If trying to gauge their enthusiasm (or lack thereof) about a kink from just this seems like it’d be a challenge to you (since it relies on a number of nonverbal cues), there are a number of other ways to communicate more explicitly.


Method #2: Just outright be nerdy about it

There are a wealth of Yes/No/Maybe list templates out there. Plenty of people will be receptive to the idea of filling one out, together or separately, and then comparing them. I like having this kind of conversation over a messaging app, so that you can seemlessly integrate the link to the template into your message about it. Like so:

“Hey, I found this cool template for a document where you can list which sex things you’re interested in: http://www.bextalkssex.com/yes-no-maybe/ I think it’d be really cool if we each filled it in and then swapped, so we have an idea of what’s on the table and what isn’t.”

If your partner doesn’t want to do this, it might be because they’re shy, in which case it might put them at ease to see yours first (because it’ll reassure them that most people have at least a couple of kinks). If your partner ‘forgets’ to fill theirs in after you’ve reminded them a few times, or if they state that they really don’t want to, it’s best to leave it, and let them talk to you about their sex and kink preferences in their own time (or maybe never).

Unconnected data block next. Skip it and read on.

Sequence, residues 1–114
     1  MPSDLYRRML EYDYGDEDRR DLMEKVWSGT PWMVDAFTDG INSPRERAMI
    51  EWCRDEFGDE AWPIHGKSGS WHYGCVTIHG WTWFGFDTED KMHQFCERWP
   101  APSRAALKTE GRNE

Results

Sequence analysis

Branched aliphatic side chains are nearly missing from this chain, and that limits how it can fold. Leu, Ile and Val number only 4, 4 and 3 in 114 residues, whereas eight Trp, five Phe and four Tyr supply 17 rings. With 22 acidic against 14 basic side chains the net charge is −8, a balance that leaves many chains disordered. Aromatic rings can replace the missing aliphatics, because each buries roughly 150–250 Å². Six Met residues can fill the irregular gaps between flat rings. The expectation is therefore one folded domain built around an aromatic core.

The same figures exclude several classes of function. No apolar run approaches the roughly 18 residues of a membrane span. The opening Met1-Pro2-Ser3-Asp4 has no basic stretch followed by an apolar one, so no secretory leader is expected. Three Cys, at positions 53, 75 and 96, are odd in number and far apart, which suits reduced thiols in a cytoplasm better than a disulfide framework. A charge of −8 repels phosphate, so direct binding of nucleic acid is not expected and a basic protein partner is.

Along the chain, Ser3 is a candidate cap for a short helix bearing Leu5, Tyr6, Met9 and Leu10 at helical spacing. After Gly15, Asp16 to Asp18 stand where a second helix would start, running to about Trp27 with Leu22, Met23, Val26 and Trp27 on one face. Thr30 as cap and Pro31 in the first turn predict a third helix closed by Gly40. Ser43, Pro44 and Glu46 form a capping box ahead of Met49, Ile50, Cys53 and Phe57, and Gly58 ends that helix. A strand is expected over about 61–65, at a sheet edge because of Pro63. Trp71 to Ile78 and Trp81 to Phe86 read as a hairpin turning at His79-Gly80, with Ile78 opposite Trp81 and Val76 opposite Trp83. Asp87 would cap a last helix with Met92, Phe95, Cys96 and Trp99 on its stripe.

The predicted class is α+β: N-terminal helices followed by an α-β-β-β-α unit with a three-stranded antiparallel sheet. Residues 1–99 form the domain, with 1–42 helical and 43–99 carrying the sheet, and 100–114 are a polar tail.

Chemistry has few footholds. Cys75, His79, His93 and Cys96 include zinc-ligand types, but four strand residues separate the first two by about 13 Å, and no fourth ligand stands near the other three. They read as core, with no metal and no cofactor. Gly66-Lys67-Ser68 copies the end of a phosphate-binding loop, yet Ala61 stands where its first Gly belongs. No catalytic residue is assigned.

Method #3: Slip it into sexting

It’s not respectful or consent-aware to turn a flirty or sexy conversation into one that’s about your specific kink if you’ve never checked that your partner is okay with the kink before. However, you can drop a kink briefly into a sexy conversation, and an ideal way to do this is to nestle it amongst other sexy things, so that your partner can just focus on those things if they’re not into the kink thing. For example:

You: I’d love it if you were riding me, slowly but so deep, and I could reach up, play with your nipples, maybe choke you, or grab your hips and help you to grind against me
Them: Ahh that’s hot, I love having my nipples played with! You could pinch them a little… and the hip-grabbing thing too, fuck

The hypothetical second person in that conversation expressed enthusiasm about the nipple play and the hip-grabbing, but completely neglected to mention the choking – so you can safely assume that they don’t want to talk or fantasise about them being choked at that particular juncture. If they don’t bring it up at any other point, you can probably draw the conclusion that being choked is not a kink of theirs.


Communicating about your wants and needs can be terrifying, but your partner can only say ‘no’ to anything you suggest. The best case scenario is, of course, that they’re as into the things you suggest as you are, and you have a grand ol’ time having safe and consensual sex and kink scenes.

The worst case scenario is that they’re judgmental and rude about your kinks, but in that case they’re probably kinda douchey anyway, and not somebody you need in your life.

Do any of y’all have any suggestions about communication methods and tools? I’d love to hear from you!